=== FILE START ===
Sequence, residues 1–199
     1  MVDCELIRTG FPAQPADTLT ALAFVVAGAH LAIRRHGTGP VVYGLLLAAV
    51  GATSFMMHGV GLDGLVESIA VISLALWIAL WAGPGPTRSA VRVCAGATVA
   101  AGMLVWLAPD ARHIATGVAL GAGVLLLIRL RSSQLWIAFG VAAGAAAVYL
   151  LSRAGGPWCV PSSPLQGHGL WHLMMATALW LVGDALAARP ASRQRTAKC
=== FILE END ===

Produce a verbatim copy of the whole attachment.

Sequence, residues 1–199
     1  MVDCELIRTG FPAQPADTLT ALAFVVAGAH LAIRRHGTGP VVYGLLLAAV
    51  GATSFMMHGV GLDGLVESIA VISLALWIAL WAGPGPTRSA VRVCAGATVA
   101  AGMLVWLAPD ARHIATGVAL GAGVLLLIRL RSSQLWIAFG VAAGAAAVYL
   151  LSRAGGPWCV PSSPLQGHGL WHLMMATALW LVGDALAARP ASRQRTAKC